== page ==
Don’t get me wrong: I do see the value in not being able to blitz through content immediately upon release with your 310% speed drake mount. I genuinely enjoy exploring the content from the ground first, which is why I support Wrath of the Lich King‘s take on the issue: You’re grounded until you hit the level cap on your first character, flying on that character and alts going forward. If you really want to make sure people are fully exploring the content, gating flying behind the Loremaster achievement for completing all the quests wouldn’t be unreasonable. Anything more than that is just grind for grind’s sake, though.

I firmly believe Pathfinder only exists as a way to artificially extend the length of content so as to earn more subscription dollars. It’s not as if Blizzard is above that sort of thing. Ever noticed how max-level quest chains these days always unlock one quest per week, and it always takes more than one month to unlock the whole story?

I choose to believe this because greed is quite frankly the more comforting interpretation. Pathfinder as a way to make more money is based on sound, if slimy, logic. If Blizzard actually believes this is good design… yikes.

There are arguments put forth to defend this decision, of course, one of the most common of which is that flying mounts remove the sense of danger from the open world. Putting aside the fact that WoW‘s open world content has never been dangerous, there are better ways to maintain a threatening world than arbitrarily gating flight. You could implement aerial mobs that attack you when you fly into dangerous areas, or anti-air cannons, or just let mobs shoot up.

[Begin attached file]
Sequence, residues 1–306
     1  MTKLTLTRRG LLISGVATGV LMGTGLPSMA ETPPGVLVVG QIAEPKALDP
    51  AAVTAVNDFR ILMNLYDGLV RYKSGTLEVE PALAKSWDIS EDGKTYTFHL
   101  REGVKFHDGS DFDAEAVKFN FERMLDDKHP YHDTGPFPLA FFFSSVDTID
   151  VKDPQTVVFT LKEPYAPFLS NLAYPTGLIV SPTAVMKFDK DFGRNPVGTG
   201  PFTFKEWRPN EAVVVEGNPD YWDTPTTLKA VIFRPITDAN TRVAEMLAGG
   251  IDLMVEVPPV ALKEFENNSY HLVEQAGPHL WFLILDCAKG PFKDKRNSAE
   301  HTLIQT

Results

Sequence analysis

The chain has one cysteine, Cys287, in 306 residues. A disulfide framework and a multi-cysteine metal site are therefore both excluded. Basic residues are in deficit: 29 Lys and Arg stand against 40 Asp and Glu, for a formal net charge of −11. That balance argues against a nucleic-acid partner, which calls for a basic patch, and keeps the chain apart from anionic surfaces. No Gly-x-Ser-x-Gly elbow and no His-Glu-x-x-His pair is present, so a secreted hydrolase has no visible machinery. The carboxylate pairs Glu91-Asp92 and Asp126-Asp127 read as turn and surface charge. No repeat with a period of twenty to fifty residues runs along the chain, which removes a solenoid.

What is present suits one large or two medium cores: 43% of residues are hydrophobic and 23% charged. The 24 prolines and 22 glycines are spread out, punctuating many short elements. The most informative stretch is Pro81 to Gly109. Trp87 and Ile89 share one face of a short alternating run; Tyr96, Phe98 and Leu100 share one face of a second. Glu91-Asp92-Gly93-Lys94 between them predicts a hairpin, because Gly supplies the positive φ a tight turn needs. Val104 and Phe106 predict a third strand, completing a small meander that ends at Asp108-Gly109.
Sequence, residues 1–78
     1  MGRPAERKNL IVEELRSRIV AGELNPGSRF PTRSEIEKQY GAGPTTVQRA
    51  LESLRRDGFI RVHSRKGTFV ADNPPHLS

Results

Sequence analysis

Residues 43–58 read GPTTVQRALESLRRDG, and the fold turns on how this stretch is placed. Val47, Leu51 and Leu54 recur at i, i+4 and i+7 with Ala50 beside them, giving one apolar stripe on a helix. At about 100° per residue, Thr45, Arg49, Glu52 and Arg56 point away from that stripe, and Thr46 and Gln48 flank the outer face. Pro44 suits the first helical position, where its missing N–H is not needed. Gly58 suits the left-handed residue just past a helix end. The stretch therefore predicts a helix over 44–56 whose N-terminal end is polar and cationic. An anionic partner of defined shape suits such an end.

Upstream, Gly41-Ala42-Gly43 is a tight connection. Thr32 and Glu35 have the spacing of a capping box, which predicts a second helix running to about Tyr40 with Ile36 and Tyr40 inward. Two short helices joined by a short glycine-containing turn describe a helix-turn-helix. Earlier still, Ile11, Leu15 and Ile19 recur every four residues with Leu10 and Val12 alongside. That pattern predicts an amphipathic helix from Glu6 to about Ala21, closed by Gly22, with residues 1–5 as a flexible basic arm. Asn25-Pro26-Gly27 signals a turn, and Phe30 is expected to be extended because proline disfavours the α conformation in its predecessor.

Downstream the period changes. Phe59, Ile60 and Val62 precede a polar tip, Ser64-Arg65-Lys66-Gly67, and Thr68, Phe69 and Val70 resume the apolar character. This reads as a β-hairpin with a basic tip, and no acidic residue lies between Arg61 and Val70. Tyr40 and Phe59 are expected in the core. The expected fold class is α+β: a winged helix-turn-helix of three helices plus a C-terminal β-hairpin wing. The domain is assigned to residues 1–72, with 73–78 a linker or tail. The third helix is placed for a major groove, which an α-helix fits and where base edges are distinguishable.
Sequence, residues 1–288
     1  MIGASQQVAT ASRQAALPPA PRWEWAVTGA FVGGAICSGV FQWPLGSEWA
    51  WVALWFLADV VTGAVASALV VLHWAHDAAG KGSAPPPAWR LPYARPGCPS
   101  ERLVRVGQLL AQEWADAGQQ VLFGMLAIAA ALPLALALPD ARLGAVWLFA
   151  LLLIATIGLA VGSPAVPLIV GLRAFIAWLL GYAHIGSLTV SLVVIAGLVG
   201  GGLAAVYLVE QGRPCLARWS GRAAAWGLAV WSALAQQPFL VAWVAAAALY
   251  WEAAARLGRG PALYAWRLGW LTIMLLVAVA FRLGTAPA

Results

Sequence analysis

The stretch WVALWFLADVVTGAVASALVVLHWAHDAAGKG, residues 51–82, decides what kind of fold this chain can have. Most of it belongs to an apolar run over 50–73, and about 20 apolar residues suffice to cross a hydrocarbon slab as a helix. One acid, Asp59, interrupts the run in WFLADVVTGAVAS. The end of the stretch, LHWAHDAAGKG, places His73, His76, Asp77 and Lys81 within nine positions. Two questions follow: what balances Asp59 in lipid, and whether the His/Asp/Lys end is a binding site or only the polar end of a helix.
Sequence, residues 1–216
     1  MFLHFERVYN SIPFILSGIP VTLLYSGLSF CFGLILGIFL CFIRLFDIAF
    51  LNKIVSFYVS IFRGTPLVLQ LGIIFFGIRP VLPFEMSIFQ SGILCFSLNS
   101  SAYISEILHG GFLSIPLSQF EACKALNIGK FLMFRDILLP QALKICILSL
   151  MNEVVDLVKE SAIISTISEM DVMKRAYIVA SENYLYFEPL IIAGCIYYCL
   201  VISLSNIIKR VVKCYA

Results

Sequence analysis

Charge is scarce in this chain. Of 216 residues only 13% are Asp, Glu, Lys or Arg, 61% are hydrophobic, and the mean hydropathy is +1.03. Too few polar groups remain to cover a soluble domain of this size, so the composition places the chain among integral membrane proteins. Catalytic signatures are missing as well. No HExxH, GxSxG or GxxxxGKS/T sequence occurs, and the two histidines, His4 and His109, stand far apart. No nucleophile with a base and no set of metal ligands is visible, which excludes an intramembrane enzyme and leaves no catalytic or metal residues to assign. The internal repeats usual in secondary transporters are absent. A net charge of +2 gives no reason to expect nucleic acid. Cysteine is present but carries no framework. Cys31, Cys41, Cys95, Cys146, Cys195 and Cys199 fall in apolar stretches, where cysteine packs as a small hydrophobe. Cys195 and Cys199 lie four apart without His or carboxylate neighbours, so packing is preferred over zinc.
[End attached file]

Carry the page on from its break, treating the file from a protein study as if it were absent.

These are all mechanics that already exist in various parts of the game world, by the way. Blizzard wouldn’t even have to make anything new.

But really the best counter-argument against any criticism of flying is that you simply don’t need to fly if you don’t want to. Only a handful of zones in the game have ever required flying mounts to navigate, and the last ones were implemented in 2010. If you don’t like it, just don’t do it. You’re not going to get kicked from your raiding guild because it took you seventy seconds longer to get to the next quest hub.

Therefore there is literally no downside to removing Pathfinder. No one loses, save perhaps Blizzard’s shareholders, and then likely only to a negligible extent.

All of this has been said before, by many others in many venues. Pathfinder has been a source of deep controversy since its inception. I want to put forth one more argument against it, though — or more accurately an argument for flying — because it’s a really important that often gets overlooked.

Flying is fun.

Yes, it’s convenient, and it’s a time-saver, and all that, but more than that it just feels good. I will never forget the sheer childlike glee I felt when I got my first flying mount and took to the skies over Hellfire Peninsula. Ever since, flying just for flying’s sake has been a staple of my WoW experience. It’s great for screenshots, and contrary to what some say, it does wonders to make the world feel bigger and more cohesive.